Secondly this diagram tells us the dependencies between systems that are important in development. The jumping system can only be implemented properly after the completion of the running system, there’s no point in polishing the turret system until we get a sense of how the vehicles carrying the turrets work.
Finally the hierarchy gives us information based on the application of one other criteria. I’ve placed what I feel are the most important aspects of the game design at the bottom of the tree. The lower an item is placed, the earlier it needs to be implemented, giving more time for polish and iterative work. Using a tree like this in development, I would encourage the team to tackle elements at the bottom of the tree first, slowly moving up the hierarchy until the team moves into content creation (missions and story) in the final stage of development. In a sense this tree is stating ‘don’t worry about the stuff at the top of the hierarchy now, we have fundamentals to concentrate on’.
Hierarchies like these can be a very useful reference point throughout the development of a game. They allow designers map out the entire game at an early stage, in a way that is easily communicated to others and can act as a point of reference throughout the developmental process. They let project managers see at an instant the most effective scheduling order for gameplay related code and art assets, as well any potential bottlenecks and important dependencies. They give coders a familiar and organised vision of gameplay modules that they can understand in an instant without trawling through wordy design documentation, and they can also give senior management and publishers an overview of the project and information about possible budgetary requirements in an instant.
Mar 22nd 2004
by Bill Bryson
In a chapter about the early attempts at measuring the Earth, Bryson describes the obsessive technique used by mathematician Richard Norwood in his efforts to determine the length of a degree of arc of the earth’s surface.
‘Starting with his back against the Tower of London, Norwood spent two devoted years marching 208 miles north to York, repeatedly stretching and measuring a length of chain as he went, all the while making the most meticulous adjustments for the rise and fall of the land and the meanderings of the road. The final step was to measure the angle of the Sun at York at the same time of day and on the same day of the year as he had made his first measurement in London. From this, he reasoned he could determine the length of one degree of the Earth’s meridian and thus calculate the distance around the whole. It was an almost ludicrously ambitious undertaking— a mistake of the slightest fraction of a degree would throw the whole thing out by miles— but in fact, as Norwood proudly declaimed, he was accurate to “within a scantling”— or, more precisely, to within about six hundred yards. In metric terms, his figure worked out at 110.72 kilometers per degree of arc.’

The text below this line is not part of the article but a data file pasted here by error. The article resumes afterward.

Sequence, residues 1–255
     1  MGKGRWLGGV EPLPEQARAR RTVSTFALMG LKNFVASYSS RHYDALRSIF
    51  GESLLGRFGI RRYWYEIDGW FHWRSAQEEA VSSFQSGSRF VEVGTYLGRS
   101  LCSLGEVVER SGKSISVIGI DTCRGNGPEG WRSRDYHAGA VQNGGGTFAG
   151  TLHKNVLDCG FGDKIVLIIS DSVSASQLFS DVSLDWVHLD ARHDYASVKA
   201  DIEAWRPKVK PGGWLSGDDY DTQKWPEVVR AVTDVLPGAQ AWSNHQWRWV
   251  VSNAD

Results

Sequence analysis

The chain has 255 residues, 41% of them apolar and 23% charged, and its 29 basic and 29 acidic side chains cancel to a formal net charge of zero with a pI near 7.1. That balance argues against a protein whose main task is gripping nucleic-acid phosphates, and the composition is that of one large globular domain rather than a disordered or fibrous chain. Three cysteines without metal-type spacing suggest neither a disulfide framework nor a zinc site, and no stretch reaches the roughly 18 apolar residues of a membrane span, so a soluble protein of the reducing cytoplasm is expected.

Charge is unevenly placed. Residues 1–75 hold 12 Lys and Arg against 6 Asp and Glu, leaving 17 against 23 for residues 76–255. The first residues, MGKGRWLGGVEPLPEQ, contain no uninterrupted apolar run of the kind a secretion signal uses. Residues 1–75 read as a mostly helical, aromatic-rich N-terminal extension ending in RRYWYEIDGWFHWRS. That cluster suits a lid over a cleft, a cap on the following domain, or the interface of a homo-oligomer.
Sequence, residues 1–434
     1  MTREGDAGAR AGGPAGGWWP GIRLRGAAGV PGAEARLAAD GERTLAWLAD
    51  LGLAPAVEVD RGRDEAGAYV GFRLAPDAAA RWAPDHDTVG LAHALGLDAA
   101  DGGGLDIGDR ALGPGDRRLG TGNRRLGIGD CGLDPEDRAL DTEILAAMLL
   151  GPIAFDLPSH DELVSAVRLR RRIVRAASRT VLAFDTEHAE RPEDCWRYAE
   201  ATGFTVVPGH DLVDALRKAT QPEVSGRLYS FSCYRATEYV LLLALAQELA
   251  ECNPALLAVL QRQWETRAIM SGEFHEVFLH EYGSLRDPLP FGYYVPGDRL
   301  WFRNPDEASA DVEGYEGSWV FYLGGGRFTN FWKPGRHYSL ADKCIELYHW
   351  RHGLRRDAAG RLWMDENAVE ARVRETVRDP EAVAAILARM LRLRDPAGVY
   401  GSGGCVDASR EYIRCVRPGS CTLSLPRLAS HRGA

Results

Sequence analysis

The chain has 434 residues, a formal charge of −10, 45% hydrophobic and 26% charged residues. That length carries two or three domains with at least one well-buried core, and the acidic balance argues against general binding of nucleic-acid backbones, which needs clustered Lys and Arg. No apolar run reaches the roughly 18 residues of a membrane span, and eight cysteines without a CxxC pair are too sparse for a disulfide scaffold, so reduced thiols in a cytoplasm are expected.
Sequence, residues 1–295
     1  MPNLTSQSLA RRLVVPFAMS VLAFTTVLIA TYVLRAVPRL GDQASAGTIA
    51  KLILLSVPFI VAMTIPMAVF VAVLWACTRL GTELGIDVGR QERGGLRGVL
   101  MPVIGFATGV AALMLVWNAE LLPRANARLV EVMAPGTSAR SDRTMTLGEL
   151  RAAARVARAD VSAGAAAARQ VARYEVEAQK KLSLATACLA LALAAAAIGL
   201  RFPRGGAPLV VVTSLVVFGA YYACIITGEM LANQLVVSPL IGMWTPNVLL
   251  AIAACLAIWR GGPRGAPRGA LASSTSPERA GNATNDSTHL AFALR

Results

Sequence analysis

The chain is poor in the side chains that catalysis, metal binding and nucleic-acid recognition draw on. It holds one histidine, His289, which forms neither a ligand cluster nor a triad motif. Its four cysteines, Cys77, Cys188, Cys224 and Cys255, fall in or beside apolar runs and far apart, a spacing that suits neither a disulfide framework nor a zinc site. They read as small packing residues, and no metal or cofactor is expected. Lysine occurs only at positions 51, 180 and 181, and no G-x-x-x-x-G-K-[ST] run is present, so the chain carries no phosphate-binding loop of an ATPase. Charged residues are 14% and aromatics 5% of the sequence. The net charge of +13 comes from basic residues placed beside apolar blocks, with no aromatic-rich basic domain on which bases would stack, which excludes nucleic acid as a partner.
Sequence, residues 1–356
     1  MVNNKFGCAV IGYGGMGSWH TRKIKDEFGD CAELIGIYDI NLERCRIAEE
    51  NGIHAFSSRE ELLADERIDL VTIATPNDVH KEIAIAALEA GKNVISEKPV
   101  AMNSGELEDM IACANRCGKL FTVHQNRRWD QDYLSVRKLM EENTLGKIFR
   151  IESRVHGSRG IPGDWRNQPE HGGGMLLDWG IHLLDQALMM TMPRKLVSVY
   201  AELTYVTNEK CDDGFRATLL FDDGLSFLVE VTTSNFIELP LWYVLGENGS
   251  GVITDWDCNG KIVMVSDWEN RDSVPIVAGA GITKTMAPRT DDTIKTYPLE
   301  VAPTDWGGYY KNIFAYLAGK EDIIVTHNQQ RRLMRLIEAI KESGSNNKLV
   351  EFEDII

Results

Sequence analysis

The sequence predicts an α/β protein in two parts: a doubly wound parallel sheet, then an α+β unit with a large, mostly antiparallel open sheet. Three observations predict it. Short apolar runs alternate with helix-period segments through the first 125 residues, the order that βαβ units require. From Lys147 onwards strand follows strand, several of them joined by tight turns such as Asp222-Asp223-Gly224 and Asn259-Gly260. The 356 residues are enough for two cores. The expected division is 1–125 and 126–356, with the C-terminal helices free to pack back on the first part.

Scientists have been using manufactured measurement devices and specific measuring techniques since the earliest days of engineering, and today they use all manner of vastly expensive and hugely impressive devices to determine all sorts of values for objects that we can’t even perceive, never mind take a guess at the measure of.
What form does measurement take in game development? Well, you can be pretty sure that the programmers on your team are measuring quite a lot, determining the amount of time it takes to compute something or the amount of memory used to store something, and all of this generally logged, cross referenced and available to everyone who needs it. Your production guys are also probably making an effort to measure time in man-hours, keep an eye on team size and track the expenditure of the team in hard numbers. Artists are more than likely working within established size conventions for characters/vehicles/agents and (hopefully) keeping a keen eye on the poly-counts and texture measurements of their work.
So what are the designers measuring? How big is one of your levels in game-units? How long does it take you character to land after hitting the jump button? What’s the length of a standard combat encounter? Approximately how long does it take for your heroes to level up in real-time?
The chances are the answer to those questions is ‘uhh…dunno’. There’s nothing absolutely terrible about that (I’m sure a bunch of amazing games have been made with an entire team of otherwise brilliant ‘uhh….dunno’ designers), but I think there is a lot that you can learn about your game and other games if you spend an afternoon with a chinagraph pencil, a stop watch, the tape-measure tool in your level editor and a video camera. Here’s some interesting values to measure.